What impressed me most about the novel and about Thien’s writing was that while the story is so specific to time and place, the core message and heart of Do Not Say We Have Nothing feels completely relevant and timely today. She does this through strong characters that are easy to recognize and empathize with, not to mention a lot of excellent prose.

Book Review: The Break by Katherena Vermette

The Break – Katherena (Anansi, 2016)

I have to start by saying this book is truly excellent. I’d been waiting for weeks for a copy at our local library and it came available right before we went away for Spring Break. Afraid they wouldn’t hold it for too long, I took it with me and ended up reading it in the first couple of days.

Set in the North End of Winnipeg, The Break follows several women, interconnected in a variety of ways (mostly family), over a few days following a horrifically violent act. The novel opens with Stella, a young wife and mother who has recently moved back into her old neighbourhood. Up late at night with her baby, she witnesses something horrible from her window. From there, we go back a few days to the lead-up of this violent act and the women involved.

I don’t know Winnipeg (beyond what I’ve heard in songs from The Weakerthans, really) but I know neighbourhoods like this one. Immigrant neighbourhoods, ones that slowly change as cost of living increases, ones where violence is not uncommon but neither is a strong sense of community. Vermette does a good job of balancing a sense of danger with a sense of home that each character has for their neighbourhood.

This is a story of Indigenous women in Canada today. And while I hate to describe it as “timely”, it really is, as focus grows surrounding the issue of murdered and missing Indigenous women in our country. The book powerfully portrays how these issues and incidences of violence are covered up, ignored, swept away. Of how difficult it is for women in so many communities to avoid violence. After finishing the novel, I really thought it would win this year’s Canada Reads competition and I was shocked to learn it was the first to be eliminated. Honestly, I’m disappointed because it feels like another instance of ignoring such a huge issue. I can only hope that The Break will still be read by many Canadians.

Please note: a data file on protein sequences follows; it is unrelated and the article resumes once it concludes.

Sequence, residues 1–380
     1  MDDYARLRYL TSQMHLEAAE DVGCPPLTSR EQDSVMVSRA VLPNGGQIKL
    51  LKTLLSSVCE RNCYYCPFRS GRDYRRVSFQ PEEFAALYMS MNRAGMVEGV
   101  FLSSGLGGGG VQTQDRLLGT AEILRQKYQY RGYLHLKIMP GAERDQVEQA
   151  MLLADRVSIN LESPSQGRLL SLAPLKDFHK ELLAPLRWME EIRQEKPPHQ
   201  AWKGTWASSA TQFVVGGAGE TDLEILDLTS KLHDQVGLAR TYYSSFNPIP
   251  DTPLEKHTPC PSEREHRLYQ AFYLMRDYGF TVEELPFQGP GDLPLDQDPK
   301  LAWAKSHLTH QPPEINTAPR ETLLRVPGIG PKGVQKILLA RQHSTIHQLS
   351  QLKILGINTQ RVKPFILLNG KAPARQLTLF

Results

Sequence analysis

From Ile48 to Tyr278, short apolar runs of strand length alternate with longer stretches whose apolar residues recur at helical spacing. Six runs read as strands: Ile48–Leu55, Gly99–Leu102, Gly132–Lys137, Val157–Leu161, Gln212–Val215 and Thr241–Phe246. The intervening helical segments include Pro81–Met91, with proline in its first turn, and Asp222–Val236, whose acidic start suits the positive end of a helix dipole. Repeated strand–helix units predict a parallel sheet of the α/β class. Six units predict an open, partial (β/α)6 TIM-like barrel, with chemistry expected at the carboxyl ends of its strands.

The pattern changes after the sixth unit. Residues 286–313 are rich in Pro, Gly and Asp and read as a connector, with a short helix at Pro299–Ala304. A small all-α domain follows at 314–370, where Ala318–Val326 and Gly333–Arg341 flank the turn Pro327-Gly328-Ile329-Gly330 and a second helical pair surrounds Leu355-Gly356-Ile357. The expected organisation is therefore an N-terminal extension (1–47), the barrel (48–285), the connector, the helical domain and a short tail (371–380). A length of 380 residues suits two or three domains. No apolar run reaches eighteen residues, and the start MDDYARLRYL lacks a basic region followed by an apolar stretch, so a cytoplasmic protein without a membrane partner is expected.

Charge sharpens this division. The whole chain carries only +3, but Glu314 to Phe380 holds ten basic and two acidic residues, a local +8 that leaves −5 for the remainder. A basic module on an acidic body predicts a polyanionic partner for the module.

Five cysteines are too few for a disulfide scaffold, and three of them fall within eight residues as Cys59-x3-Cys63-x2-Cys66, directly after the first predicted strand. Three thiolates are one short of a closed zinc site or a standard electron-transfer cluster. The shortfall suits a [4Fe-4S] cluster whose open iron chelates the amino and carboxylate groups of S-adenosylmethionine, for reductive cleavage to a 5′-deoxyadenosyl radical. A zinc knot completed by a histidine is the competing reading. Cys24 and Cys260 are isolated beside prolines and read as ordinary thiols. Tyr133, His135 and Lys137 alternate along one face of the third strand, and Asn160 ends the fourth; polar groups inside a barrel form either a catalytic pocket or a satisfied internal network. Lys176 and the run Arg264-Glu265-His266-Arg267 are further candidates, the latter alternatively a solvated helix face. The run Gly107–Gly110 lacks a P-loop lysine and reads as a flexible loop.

Each chapter focuses on a different character and Vermette does a mostly great job of voice and characterization. The characters range from teenagers to an elderly grandmother, social workers to an escapee from a juvenile detention centre. Vermette gives each story weight and importance and as she slowly reveals more of their history and background, she beautifully creates sympathy for each one. These are women (even the very young ones) who have already started life with many obstacles stacked against them. Some will be more successful than others, but each will be battered by circumstances and will struggle to move forward, to not simply be defined by their personal histories or the violence enacted against them.

The weakest part of the novel, in my opinion, was Stella’s story. Stella is slightly separate from the other characters for most of the book and so it felt like her sections could be easily lifted out without altering the trajectory of the plot or development of the others. She seems to exist to show an alternate lifestyle – a woman who left the community, married a white man, and then returned. But I really didn’t get enough of a sense of her life before the opening chapter, or her relationship with her husband, to say how different life had been for her. Or how similar.

That said, that is a small weakness in an otherwise powerful book and one definitely worth reading.

Book Review: The Dark and Other Love Stories by Deborah Willis

The Dark and Other Love Stories – Deborah Willis (Hamish Hamilton, 2017)

A quick disclaimer to say that I know Deborah Willis but only a little bit. We were in the same program at university but she was a couple of years ahead of me and we briefly worked at the same coffee shop and then we worked at rival bookstores. I read her first short story collection, Vanishing, when it first came out because I knew Deb but I was eager to read her new collection because I think she’s an excellent writer.

This new story collection revolves around the theme of love. That love takes a variety of forms. The powerful, platonic love of two best friends at summer camp in the title story. The love of a couple, spanning decades, a whole life time lived in the span of an afternoon nap, told in a trilogy of stories. The relationship between two marijuana dealers when one of them applies to move to Mars. The stories are painfully true to life, with all the small and large discomforts that love brings us, along with its unique pleasures. At least one made me have to close the book for a while because the ending was so unexpectedly sad.